-Mikey

Anonymous said...

"Despite the fact that 2007 was a difficult year, we managed to raise the average salary by 18 percent, and this year we want to raise it by no less than 31 percent."

Sounds terrific until you look at the Russian inflation rates current and for the past 10 years. Inflation rates of 15-20% can take a toll.

Anonymous said...

But their raises were higher than inflation; LANL's TSM raises have been less than inflation for years.

Anonymous said...

Forget the raise and inflation issue. The big difference between Russian and US nuke labs is that the nation of Russia seems to really value the work of their scientists at these labs and wants to keep them happy.

It feels nice when you're working at a national lab where people appreciate your work. There is zero appreciation by most of Congress for the work done at LANL and LLNL. Instead, they seem intent on destroying these labs, in spirit if not in actuality.

Anonymous said...

Frank, that first post sure seems like drive-by linking spam to me, even if the comment is true.

Anonymous said...

When I first read this by RSS feed, I saw the part about salaries, and just knew the self centered assholes at LANL were going to focus mostly on that part. No wonder this place is going down the toilet.

Anonymous said...

Sorry, I should have specified the self- centered assholes on this blog, which are in no way representative of LANL as a whole.

Frank Young said...

7/2/08 1:13 PM,
Thanks, it was spam and I've deleted it.

Anonymous said...

Some how I knew that this excellent article would focus only on the topic of raises for lab personnel. IMO, there's a lot more substance in the article worthy of serious LANL comment than complaints that say I'm worth more than my employer pays me.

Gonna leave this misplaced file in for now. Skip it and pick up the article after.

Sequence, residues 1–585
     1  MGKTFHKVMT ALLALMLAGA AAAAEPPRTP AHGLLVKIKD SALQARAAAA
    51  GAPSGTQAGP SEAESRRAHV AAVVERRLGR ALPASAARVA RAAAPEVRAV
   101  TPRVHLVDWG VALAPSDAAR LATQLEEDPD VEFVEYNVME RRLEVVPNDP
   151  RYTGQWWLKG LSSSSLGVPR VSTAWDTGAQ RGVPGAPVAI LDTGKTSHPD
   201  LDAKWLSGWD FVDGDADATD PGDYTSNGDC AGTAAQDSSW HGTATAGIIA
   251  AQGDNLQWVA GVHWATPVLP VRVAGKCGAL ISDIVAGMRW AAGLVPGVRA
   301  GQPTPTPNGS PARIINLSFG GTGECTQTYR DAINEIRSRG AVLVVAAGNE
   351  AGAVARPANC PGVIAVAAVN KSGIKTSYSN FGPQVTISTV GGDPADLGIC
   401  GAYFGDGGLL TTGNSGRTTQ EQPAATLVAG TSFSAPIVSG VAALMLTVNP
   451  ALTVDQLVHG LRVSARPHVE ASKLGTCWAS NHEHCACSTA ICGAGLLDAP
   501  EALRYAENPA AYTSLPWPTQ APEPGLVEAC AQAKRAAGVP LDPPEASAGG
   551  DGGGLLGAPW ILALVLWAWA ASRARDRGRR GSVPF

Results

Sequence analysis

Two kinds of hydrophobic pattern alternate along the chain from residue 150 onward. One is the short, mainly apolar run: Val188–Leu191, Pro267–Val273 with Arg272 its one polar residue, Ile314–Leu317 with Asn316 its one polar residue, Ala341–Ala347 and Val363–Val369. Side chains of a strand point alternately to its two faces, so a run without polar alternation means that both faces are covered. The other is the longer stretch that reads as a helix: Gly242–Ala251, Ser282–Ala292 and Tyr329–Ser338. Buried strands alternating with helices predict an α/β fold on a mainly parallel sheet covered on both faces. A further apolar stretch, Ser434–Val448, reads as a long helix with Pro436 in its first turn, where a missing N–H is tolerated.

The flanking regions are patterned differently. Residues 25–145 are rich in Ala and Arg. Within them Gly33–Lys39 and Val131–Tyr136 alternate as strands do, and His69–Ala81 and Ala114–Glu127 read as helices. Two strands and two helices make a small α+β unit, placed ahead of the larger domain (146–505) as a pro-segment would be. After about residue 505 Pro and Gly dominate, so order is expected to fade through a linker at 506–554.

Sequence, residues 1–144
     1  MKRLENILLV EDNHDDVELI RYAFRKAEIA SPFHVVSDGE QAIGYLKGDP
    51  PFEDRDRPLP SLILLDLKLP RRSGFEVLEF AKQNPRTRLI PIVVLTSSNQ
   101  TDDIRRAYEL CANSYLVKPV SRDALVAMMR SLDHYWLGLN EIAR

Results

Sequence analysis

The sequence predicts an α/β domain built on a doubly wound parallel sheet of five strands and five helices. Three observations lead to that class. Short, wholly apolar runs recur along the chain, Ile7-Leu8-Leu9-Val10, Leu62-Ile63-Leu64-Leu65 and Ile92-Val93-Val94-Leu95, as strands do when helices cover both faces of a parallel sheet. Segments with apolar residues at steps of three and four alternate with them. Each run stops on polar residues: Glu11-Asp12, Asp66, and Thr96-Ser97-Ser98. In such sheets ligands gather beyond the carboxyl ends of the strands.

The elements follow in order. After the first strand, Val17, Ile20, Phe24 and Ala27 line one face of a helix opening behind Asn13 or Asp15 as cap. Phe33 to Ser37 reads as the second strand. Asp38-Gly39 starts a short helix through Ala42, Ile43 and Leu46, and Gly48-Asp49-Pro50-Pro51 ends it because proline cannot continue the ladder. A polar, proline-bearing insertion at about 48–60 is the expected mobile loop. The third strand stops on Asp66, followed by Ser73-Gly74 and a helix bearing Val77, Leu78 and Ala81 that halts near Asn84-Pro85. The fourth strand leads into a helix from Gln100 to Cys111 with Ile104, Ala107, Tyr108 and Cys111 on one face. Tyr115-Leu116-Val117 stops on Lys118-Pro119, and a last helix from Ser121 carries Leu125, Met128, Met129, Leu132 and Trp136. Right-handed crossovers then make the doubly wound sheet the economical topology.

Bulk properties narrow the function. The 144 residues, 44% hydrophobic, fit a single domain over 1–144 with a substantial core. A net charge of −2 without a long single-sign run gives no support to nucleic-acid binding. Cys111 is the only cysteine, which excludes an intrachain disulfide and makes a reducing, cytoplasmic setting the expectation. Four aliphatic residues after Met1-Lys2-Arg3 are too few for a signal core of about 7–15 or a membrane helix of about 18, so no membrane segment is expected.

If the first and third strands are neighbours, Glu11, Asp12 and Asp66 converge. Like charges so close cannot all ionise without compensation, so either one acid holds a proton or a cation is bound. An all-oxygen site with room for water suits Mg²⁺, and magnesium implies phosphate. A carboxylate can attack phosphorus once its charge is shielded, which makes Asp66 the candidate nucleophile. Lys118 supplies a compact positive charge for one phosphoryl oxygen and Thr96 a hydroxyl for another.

Frank Young said...

To restart the discussion I will suggest an additional question I wish the interviewers had asked. Perhaps other blog readers also have such questions.

Mr. Ilkaev, if you had the opportunity to replace your country's warheads with American RRWs, would you do it?

Anonymous said...

"Mr. Ilkaev, if you had the opportunity to replace your country's warheads with American RRWs, would you do it?"

R.I.: Why we already have!

Anonymous said...

"We are collaborating with three nuclear laboratories in the United States—Los Alamos, Livermore, and Sunday."

Lots of good stuff in that interview. For example, I'm glad they've found religion. And clearly they have no problem with updating their weapons systems. Now about those salaries and making their employees feel appreciated... Mikey could learn a few lessons from this fellow.

Anonymous said...

"If you start to shift to non-nuclear precision weapons, you have to calculate what borders we have and in how many different directions we need to deter possible aggressors—this brings exorbitant expenses. In my opinion, strategic nuclear weapons are the best kind of protection for Russia."

Now THAT is a serious border control policy.

Anonymous said...

You might think about the national security implications of the Russian nuclear weapon policy which is focused on tactical nuclear weapons to deter conventional attack since they have inadequate conventional forces. Given this policy they must develop low yield weapons and achieve high accuracy of delivery. Therefore investments in their nuclear stockpile are based on a reasonable cost analysis.

Anonymous said...

"I'm glad they've found religion" 7:15

Religion is not mentioned anywhere in this article. However, if they do find religion, let's hope it's not the same type of religious fundamentalism that is currently infecting the US, al Qaeda, and Iran. God knows we don't need any more neoconservatives.

Anonymous said...

Therefore investments in their nuclear stockpile are based on a reasonable cost analysis.

7/2/08 7:52 PM


As opposed to ours, which are based purely on pork- barrel politics.

Anonymous said...

Bottom line it for us Radiy. How much do you make and what do you drive?

Anonymous said...

"Bottom line it for us Radiy. How much do you make and what do you drive?" - 11:33 PM

And, like our current LANS upper management, did you sell your soul and how much did you get for it?

Anonymous said...